There were some kind of cypress (I think) trees near our home in south India that looked like guests at a cocktail party, one limb reaching out for a drink, another curling back as though to bring a cigarette to the lips. Maybe that’s why I get such a kick looking at the inventive depiction of trees in Chinese painting, like this dragon-shaped pine tree by Wu Boli (late 14th-early 15th-century). Trees also appear in indoor scenes in the form of trained and miniaturized specimens known in China as penzai or penjing (bonsai in Japan). Grown in pots, they create tiny landscapes and scenes.
There is one in the foreground of this scholar’s studio,
another in the lower left corner of this 18th-century painting by Jin Tingbiao in the collection of The Palace Museum in Beijing.
But at LACMA’s show “Where the Truth Lies: The Art of Qiu Ying,” I spotted another, bigger and bolder variation. At first, it just looked like a weird tree in the handscroll painting of “The Jiucheng Palace.” See the pavilion in the foreground of this photo? Now look to its right…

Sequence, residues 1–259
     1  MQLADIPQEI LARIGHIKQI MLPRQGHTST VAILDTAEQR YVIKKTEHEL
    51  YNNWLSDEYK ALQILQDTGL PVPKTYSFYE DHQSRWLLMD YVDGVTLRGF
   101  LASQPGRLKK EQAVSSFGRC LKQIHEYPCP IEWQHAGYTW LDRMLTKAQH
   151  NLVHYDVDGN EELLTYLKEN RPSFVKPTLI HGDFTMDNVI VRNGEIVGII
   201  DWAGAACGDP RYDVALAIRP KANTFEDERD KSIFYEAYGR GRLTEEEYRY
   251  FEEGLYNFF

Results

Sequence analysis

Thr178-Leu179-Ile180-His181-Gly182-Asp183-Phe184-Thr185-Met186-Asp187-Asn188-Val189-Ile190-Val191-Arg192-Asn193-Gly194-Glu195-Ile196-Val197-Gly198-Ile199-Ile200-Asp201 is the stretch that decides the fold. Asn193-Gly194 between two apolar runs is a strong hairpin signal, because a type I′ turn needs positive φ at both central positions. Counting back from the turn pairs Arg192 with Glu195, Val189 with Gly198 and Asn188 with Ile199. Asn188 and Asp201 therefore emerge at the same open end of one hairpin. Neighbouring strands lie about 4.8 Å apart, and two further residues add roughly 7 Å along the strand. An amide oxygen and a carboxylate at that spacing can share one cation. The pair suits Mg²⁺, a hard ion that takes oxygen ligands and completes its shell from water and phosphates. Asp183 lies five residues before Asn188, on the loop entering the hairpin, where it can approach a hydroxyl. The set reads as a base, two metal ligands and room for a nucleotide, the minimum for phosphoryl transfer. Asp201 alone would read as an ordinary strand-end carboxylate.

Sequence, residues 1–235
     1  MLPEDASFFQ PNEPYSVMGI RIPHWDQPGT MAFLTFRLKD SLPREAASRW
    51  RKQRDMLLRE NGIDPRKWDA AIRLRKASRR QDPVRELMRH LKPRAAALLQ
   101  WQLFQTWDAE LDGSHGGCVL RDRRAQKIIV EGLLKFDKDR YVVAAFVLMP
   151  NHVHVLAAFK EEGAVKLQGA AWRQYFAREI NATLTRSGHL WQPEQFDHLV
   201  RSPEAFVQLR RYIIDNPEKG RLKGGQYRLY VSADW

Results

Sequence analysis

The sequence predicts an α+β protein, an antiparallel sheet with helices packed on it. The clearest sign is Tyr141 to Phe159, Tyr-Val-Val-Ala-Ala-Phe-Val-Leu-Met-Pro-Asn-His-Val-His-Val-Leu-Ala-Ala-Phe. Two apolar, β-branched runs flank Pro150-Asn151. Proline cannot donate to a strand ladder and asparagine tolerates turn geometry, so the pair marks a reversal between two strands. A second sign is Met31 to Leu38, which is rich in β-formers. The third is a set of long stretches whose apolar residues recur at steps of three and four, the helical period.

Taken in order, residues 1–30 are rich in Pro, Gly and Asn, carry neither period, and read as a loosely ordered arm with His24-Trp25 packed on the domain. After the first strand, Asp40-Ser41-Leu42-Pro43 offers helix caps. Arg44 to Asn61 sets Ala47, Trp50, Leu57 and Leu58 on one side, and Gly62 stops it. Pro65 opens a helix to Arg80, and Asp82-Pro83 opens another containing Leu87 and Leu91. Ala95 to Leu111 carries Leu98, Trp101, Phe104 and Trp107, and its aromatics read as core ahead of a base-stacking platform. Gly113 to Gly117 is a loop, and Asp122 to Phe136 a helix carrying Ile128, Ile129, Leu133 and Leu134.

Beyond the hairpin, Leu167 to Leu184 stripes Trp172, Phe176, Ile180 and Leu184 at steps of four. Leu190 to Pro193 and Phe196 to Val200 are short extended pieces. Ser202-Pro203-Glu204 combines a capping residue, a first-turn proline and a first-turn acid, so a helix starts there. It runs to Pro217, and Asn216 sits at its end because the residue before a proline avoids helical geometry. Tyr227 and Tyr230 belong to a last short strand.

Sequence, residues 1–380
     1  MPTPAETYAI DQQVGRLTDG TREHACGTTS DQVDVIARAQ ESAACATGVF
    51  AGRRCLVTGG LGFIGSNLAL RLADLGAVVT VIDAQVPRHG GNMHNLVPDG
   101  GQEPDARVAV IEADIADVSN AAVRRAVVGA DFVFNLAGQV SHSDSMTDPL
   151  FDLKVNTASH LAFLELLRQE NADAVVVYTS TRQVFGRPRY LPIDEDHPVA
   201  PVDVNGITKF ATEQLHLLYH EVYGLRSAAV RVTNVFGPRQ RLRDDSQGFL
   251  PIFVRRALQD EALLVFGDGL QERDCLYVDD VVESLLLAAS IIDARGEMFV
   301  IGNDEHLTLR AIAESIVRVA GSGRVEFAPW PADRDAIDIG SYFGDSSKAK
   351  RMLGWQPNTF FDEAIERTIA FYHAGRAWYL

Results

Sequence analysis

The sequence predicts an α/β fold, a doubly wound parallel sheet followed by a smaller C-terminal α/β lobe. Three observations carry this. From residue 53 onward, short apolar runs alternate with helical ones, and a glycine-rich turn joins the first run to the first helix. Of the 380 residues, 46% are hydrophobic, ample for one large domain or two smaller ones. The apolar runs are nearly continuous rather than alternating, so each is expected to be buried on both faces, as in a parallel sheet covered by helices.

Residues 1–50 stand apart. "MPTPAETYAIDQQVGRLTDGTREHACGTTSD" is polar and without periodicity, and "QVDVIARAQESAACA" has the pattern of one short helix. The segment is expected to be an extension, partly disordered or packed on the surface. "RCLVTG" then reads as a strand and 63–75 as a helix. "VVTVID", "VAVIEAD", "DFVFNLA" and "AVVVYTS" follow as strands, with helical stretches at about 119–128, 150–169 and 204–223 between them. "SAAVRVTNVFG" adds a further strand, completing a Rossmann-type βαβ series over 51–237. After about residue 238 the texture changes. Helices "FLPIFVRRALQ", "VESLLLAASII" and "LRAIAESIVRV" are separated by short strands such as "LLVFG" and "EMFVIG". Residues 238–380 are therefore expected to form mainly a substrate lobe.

… by the first set of steps…. weirdly birdlike, right? Well, here’s a close-up:
A phoenix-shaped tree complete with weird eyes and then the realistic detail of a supporting pole without which it wouldn’t have a prayer staying upright.
I mention this pinzai in my WSJ review. And now that you’ve seen the small ones you’ll understand why I speculate that this huge pinzai might convey extravagance. There is also an 8th-century poem by Du Fu that mentions “numinous mushrooms” at this palace, mushrooms that assure longevity. So, given the phoenix’s association with immortality, perhaps a double-entendre?
Here’s what I know for sure: Qiu had a reason for adding this tree — and stumbling on it tickled me no end.